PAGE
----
Don’t quit on emotions:
How joy and hope of quitting promotes employee retention

By Nirit Pisano, Ph.D.

How do you maintain your workforce and reduce employee turnover?

Allow them to feel joy and hope when contemplating quitting!

Wait, What?!

Droves of employees are voluntarily leaving their jobs in the wake of a pandemic that altered collective perspectives of time, space and self-care. Economists, journalists and sociologists call it inevitable, even predictable, given longstanding workplace issues predating Covid-19. Some point to an existential shift allowing individuals to prioritize the whole self beyond the work self for the first time, while others highlight the role of burnout, fear of in-person viral transmission, and a shortage of childcare options as driving people to resign.

Despite myriad explanations regarding this phenomenon, real-time clarity on the emotional drivers of this movement are needed. A search on Cognovi’s Psychological AI narrowed in on the emotional profile of personnel in the food service industry. An analysis of social media communications in the first three quarters of 2021 – including 18.9 million posts by service industry workers and 30,000 explicit statements about their resignations – revealed a shifting narrative: employees’ motivation to resign, as measured by Cognovi’s Intent score, spiked from a low of 3% in January to a high of 37% by end of September.

Beyond the growing impulse to quit, the emotional transformation in the workforce between January and September 2021 is profound. Depictions of quitting sparked primarily joy and hope in January – an emotional profile that reflects an aspirational goal, wherein people feel broadly optimistic and compelled to sustain the status quo. With or without conscious awareness, joyful, hopeful individuals tend to sit back and preserve their current circumstances. While this dreamy state certainly sounds (and feels) pleasant, we know in the world of emotion research that exclusive joy and hope will inevitably fall short of propelling individuals toward active pursuit of their goals.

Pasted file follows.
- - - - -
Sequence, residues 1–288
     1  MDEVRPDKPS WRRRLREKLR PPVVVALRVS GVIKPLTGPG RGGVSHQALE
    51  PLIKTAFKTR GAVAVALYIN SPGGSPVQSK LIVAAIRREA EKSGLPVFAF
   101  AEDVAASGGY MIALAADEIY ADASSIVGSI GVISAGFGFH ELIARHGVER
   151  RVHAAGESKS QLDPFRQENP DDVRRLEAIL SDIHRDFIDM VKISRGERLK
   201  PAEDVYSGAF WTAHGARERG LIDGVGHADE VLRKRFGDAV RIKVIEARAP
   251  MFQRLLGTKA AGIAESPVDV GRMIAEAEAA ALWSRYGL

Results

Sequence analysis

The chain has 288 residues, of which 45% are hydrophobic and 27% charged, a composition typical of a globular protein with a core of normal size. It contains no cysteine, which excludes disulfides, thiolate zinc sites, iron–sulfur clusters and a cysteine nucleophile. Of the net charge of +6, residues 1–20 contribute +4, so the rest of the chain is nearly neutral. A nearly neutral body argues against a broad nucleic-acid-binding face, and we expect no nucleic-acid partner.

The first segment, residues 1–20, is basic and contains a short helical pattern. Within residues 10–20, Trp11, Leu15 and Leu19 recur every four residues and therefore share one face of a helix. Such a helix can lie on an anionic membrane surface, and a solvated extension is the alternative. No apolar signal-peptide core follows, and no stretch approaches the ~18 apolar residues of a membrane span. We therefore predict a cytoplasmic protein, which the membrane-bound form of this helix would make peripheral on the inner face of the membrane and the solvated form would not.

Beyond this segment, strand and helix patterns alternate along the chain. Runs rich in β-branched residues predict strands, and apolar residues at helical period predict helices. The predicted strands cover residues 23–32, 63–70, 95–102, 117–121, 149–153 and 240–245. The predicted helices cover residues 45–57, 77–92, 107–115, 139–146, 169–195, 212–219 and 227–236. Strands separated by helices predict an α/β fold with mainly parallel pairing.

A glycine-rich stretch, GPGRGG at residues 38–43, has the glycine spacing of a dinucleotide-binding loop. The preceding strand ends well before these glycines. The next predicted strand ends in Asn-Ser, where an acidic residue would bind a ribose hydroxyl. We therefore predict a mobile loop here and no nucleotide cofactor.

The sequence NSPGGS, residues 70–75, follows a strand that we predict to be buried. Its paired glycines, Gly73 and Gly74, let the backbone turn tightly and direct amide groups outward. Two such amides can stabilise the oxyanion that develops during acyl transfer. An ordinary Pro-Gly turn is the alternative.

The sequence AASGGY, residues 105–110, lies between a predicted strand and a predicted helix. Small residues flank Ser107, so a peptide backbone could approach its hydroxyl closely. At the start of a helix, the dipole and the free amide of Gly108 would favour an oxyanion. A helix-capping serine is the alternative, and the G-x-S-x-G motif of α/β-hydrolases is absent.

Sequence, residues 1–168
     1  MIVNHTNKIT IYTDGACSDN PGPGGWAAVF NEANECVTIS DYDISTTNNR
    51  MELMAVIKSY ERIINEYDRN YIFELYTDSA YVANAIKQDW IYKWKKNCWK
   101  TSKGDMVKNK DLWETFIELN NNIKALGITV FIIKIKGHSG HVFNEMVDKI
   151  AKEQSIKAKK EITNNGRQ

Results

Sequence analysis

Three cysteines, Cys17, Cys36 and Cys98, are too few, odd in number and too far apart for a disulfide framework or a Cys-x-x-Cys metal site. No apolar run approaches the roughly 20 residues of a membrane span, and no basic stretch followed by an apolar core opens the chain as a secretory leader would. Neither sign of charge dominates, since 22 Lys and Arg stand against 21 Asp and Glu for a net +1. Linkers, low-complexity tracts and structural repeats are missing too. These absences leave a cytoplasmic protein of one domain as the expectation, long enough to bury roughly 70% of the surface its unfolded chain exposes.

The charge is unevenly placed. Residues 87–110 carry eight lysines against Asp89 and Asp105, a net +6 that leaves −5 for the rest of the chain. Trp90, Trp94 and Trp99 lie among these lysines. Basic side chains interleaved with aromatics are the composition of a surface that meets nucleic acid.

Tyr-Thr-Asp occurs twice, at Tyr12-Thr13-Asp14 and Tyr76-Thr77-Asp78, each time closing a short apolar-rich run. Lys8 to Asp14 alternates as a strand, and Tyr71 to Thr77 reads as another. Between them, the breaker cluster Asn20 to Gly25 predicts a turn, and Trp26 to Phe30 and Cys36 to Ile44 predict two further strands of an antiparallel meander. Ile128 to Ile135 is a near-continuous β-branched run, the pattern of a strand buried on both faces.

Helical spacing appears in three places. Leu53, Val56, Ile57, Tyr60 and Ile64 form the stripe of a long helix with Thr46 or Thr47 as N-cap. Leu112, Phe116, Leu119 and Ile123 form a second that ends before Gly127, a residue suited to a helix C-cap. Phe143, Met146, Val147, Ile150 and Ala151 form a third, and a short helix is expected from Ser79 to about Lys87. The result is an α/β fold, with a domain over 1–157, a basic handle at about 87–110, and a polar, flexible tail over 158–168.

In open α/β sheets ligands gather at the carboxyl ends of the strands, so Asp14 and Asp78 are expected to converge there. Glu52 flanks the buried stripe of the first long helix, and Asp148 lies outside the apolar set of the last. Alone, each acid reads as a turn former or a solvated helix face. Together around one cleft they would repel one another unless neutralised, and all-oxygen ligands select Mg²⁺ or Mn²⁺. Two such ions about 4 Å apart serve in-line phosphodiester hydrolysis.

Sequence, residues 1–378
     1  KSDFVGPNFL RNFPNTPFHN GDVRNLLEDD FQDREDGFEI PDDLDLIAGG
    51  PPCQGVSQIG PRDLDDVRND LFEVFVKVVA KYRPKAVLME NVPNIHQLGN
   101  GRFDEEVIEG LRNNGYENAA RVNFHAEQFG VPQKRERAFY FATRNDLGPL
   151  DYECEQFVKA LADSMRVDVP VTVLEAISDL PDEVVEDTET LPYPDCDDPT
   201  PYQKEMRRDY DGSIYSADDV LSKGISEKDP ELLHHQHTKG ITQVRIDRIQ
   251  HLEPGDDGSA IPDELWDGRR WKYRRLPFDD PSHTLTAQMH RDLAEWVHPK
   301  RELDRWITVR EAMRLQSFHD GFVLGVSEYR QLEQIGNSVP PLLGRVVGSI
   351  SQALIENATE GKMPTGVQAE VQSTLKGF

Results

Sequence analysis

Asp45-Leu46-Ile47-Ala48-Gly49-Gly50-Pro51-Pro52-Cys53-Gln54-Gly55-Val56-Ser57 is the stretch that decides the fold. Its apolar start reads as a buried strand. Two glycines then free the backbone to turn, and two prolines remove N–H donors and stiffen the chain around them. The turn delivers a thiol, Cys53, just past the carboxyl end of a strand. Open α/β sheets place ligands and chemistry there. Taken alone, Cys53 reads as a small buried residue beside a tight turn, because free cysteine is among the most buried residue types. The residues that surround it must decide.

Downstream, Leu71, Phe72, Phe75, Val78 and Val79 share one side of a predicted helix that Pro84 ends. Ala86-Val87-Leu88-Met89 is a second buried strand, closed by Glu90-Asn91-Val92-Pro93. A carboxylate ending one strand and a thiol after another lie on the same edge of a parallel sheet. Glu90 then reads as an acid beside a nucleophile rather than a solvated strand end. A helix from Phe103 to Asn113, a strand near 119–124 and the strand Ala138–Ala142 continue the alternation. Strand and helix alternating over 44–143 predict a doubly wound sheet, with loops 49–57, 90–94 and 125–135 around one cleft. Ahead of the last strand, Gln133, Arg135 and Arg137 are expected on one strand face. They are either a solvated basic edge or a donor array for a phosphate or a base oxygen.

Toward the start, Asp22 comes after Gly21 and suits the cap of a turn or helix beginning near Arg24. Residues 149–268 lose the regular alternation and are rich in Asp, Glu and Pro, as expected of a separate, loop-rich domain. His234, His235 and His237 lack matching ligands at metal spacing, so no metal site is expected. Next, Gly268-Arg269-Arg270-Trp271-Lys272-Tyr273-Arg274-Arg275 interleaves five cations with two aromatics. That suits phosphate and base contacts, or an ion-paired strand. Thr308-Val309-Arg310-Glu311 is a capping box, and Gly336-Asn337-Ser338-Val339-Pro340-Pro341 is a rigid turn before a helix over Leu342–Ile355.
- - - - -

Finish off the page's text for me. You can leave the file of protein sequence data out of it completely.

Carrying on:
As individuals described their resignations in September, the experience of joy and hope was altogether missing. In its place, anger, disgust, sadness and contempt overwhelmed the scene, with amusement following closely behind. This altered mentality suggests a growing hostility, reactivity and flippancy regarding this life decision, rousing people to act:

“If you were looking for a reason to quit — you’re welcome!”

“I quit today and immediately felt a weight off my shoulder. I’m so excited to not be in a bad mood every day lol”

“Can’t wait to get my nails done when I quit my job lol”

“I walked out saying, ‘Just so everyone knows, I quit’ mid-shift and all the guests clapped🤣”

As we continue to study who, why and where people are resigning in order to grasp the fuller context surrounding this trend, the emotional experience of employees is key. While individuals’ stated reasons for quitting may not always align with their true underlying motivations, here we have a glimpse into what heightens or reduces service industry workers’ likelihood of parting ways: as it turns out, peaked levels of joy and hope about the idea of quitting also curbs its likelihood of occurring. For organizations looking to preserve their workforce, then, the task is quite literally to infuse the notion of resignation with joy and hope; both because this suggests your workers are generally feeling brighter, and because it reduces their impulse to act on the option.

In sum, feeling joy and hope towards one’s job is ideal, and heightened joy and hope around the possibility of quitting will keep colleagues coming back. Here employers have an opportunity to cultivate – in a scientific and data-driven way – the right emotional environment for employee retention and growth. As the old cliché suggests, “If you love something let it go”; or in current times, we might re-write this as, “If someone is vital to you, increase their joy and hope – even if that means setting them free.”

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